“If we’re going to look at Advantage plans, of course, we need to know who their doctors and hospitals are. That’s a little bit more in depth than just looking for a Part D (prescription) plan. Advantage plans have a lot more components to them,” Mayfield said, adding it’s important you’re getting the right Advantage plan.

It also can be confusing because a couple may be used to being on the same medical plan, but once they become Medicare eligible, they may need different plans to better address their individual medical needs.

“It’s catered to individual need. There is no plan that is better than another plan, and the same with a prescription drug plan. They’re all Medicare-approved plans, so it just is which one is the best for you,” Mayfield said.

Sticking with regular Medicare and adding a supplemental plan can cover more medical costs than an Advantage plan, but you’ll pay a lot more up front not to have any bills after an illness. With Advantage plans, there are a lot of zero premium ones.

“You see them advertised on TV, with those you don’t pay a lot monthly to have, but your bills come after the illness through your co-pays,” Mayfield said.

Mayfield said Medicare recipients should keep an eye on their plan bills. Premiums can change for better or worse.

“There are a few plans out there that have seen a very high increase, like a $40 increase. That’s the time where people need to make sure they’re checking their plans. Because if you just don’t open your mail, you don’t pay any attention. Come Jan. 1, your plan has jumped $40. And it’s too late because Dec. 7 was the cut-off. People need to pay attention to their correspondence from their company to be made aware and realize that they need to do something,” Mayfield said.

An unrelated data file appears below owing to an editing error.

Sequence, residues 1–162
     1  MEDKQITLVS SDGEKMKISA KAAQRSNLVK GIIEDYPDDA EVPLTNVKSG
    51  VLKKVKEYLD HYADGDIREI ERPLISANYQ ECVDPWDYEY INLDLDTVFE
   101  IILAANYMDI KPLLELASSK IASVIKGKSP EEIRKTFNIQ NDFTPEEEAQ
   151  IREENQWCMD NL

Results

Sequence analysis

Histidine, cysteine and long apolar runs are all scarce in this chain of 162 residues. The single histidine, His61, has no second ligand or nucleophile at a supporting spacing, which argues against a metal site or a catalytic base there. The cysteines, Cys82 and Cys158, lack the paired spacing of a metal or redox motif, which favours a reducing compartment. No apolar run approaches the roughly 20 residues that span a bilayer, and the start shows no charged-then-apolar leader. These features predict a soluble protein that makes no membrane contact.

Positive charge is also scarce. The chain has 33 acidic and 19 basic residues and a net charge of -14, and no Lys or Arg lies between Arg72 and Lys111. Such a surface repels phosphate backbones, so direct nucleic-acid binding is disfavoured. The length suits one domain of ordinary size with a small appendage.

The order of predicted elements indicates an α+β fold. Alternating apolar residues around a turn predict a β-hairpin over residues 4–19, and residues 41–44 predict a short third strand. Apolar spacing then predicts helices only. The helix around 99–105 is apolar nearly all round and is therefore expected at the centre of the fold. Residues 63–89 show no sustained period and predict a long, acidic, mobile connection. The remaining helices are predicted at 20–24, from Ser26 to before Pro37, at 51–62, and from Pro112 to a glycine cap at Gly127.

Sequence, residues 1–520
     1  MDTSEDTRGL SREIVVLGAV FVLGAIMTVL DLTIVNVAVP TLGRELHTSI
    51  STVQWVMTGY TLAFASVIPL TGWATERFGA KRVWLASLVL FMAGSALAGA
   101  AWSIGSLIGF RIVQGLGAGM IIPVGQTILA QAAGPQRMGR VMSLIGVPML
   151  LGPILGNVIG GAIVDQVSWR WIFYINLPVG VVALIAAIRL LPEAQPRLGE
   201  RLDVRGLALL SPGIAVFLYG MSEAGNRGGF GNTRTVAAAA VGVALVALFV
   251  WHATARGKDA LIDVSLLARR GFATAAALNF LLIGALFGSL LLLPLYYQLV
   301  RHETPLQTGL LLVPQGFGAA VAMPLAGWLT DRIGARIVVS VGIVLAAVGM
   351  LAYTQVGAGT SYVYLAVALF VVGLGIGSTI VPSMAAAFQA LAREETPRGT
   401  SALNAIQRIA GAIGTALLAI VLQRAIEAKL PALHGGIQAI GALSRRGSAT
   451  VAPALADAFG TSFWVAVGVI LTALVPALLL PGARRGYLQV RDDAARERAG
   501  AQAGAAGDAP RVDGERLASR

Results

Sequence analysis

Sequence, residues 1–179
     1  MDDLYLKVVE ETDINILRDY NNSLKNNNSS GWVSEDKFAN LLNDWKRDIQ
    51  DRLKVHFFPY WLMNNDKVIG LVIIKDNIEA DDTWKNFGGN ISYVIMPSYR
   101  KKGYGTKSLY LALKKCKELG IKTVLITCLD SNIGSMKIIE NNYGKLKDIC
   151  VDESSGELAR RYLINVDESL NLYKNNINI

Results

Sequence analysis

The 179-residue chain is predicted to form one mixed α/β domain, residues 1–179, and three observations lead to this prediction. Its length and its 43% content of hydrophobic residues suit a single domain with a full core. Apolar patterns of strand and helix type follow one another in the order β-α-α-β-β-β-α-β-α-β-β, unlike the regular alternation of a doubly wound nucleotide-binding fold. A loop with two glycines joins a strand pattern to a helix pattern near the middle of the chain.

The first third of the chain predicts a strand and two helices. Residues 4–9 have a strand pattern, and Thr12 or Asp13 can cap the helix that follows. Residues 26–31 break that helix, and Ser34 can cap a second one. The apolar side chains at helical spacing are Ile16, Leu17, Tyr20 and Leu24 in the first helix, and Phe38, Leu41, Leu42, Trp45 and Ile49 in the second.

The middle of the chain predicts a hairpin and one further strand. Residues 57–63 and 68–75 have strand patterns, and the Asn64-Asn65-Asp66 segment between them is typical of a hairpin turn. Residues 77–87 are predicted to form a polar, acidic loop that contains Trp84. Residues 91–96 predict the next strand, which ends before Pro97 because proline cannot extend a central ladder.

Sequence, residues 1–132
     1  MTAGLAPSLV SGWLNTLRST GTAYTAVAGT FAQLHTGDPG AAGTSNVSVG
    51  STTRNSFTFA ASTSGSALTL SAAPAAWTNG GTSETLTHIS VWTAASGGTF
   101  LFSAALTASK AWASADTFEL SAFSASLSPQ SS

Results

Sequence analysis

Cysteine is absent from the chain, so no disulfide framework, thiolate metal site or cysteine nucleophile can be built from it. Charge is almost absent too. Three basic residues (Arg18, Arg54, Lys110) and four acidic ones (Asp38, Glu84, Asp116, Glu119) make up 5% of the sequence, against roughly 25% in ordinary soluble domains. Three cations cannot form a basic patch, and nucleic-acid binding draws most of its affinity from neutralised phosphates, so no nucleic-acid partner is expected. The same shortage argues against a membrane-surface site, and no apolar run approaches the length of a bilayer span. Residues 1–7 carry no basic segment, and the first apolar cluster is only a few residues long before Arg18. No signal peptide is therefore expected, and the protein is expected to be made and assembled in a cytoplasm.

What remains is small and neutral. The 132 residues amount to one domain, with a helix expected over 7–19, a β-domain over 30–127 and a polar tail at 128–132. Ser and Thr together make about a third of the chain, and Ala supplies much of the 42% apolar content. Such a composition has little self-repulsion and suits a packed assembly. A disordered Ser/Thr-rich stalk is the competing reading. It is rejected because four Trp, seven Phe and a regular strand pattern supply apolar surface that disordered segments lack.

The services at the senior center are unbiased as they are not associated with an insurance company.

“I don’t sell anything. I don’t have a horse in the race. I am just a consult. I tell you what’s available to you,” Mayfield said. “I can enroll you in an Advantage plan. I can enroll you in a Part D plan. Supplemental plans, you’re pretty much on your own, but I do not sell anything.”

For people who want supplemental plans, Mayfield can help with the selection process.

“The supplemental plans are pretty much them going home picking up the phone and calling the company that they want to deal with. I can help them decide which plan is best for them because there’s different supplemental plans,” Mayfield said. “Once we decide that, they just need to go home and call whichever company they want to purchase their supplemental from.”

The Medicare consulting services at the senior center are free. Medicare recipients just need to be Tuscarawas County residents.

Mayfield said she has been seeing some of the same people for 15 years as they come in annually to make sure they still have the best plans that are suited for them. She is already booking appointments into the second week of November, so those wishing to consult with her need to call for an appointment now.

It’s important to remember Dec. 7 is the deadline for all Medicare changes to be made.

“Don’t wait till Dec. 8. It’s too late,” Mayfield said.